3. Lima, Peru
Best for culinary delights
Peru's reputation now extends well beyond Machu Picchu, thanks to the country's booming contemporary food scene. It exploded a decade or so ago and continues to gain global acclaim. The cosmopolitan capital of Lima, home to the country’s finest restaurants, is ideal for gastronomes. Miraflores, a coastal suburb, is the city’s culinary hub, where abundant eateries create innovative menus that combine Peru’s rich, native ingredients and traditional flavours. A variety of coworking spaces here provide stunning views overlooking the Pacific Ocean, where you can sip pisco sours with new friends and sample the freshest ceviche (raw fish marinated in lime juice and chilli), before taking a breezy, postprandial stroll along the clifftop promenade known as El Malecón. The neighbouring town of Barranco has a more bohemian vibe, where impressive colonial houses — once built for the city’s richest families — are now home to colourful street art, quirky bars and a plethora of laptop-friendly cafes.
4. Cape Town, South Africa
Best for hiking
A thriving coastal city — surrounded by majestic mountains, vibrant multicultural neighbourhoods and extraordinary nature and wildlife — Cape Town is arguably one of the world’s most spectacular cities for remote working and living. The imposing, flat-topped Table Mountain is the city’s most iconic landmark, meaning nature-loving professionals are never too far from a hiking trail. In fact, there are some 350 different paths weaving to the mountain summit (as well as a highly popular cable car), which is set in 85sq miles of national park, stretching just west of the city all the way to continental Africa’s most south-westerly tip. Early risers can head to the dauntingly named Lion’s Head for sunrise, an accessible hiking spot with panoramas of the beaches and city below. Culture aficionados, meanwhile, are spoilt for choice with a plethora of art galleries, museums, trendy bars and concept stores in the city centre. There are other natural draws further afield to explore on the weekends, too, from the vine-clad valleys producing world-famous vintages (such as the Stellenbosch region) to the shell-strewn beaches of Muizenberg and Llandudno in Western Cape.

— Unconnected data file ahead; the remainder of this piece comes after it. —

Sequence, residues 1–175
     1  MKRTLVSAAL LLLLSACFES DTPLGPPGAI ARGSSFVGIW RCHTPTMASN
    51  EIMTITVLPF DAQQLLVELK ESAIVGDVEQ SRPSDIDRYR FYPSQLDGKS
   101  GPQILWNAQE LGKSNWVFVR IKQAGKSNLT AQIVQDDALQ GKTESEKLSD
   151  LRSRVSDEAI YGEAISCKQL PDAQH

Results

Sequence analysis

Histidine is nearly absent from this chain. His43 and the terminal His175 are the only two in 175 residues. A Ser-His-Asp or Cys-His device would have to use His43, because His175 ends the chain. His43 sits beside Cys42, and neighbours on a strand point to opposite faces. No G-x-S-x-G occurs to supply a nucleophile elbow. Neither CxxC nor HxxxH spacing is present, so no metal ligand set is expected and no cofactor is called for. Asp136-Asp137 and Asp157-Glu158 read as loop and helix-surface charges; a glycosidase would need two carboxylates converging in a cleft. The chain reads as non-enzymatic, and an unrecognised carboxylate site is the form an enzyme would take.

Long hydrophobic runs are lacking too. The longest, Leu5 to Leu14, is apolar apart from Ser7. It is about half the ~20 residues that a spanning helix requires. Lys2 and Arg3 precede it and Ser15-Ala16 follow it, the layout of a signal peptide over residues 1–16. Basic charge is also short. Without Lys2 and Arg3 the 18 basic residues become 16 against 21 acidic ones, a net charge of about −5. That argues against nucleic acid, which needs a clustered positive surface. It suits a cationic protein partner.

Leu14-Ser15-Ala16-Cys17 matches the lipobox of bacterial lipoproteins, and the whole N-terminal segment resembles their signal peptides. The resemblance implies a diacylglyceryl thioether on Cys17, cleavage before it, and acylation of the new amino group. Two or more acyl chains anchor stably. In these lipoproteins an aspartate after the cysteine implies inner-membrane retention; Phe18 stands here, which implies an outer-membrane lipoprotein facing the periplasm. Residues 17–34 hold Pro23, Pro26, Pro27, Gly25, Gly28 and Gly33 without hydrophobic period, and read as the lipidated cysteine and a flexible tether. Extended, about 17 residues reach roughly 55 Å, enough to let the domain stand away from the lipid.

5. Antigua, Guatemala
Best for all-round adventure
Nestled in the central highlands of Guatemala, Antigua is matched by few Latin American cities for its aesthetics. Here, cobblestoned streets, flanked by vibrant colonial buildings, are set in the shadow of the imposing Acatenango volcano. The historic plazas boast thriving street markets selling diverse Indigenous wares, as well as farm-to-table restaurants, contemporary art galleries and design studios — all ripe for exploration on lunch breaks. At the weekends, adventure awaits beyond the city — including Mayan ruins, coffee plantations and overnight volcano hikes, such as trekking around Lake Atitlan for its landscapes and local villages. Add to this a mild year-round weather, myriad language schools and a low cost of living, it’s not surprising that Antigua is a magnet for travellers, expats and young professionals alike.
Plan your trip
Remote Year offer three types of memberships to help professionals plan adventurous work-abroad itineraries. Their flexible travel programmes include a one-month, four-month and 12-month journeys in all five destinations mentioned in this article and more.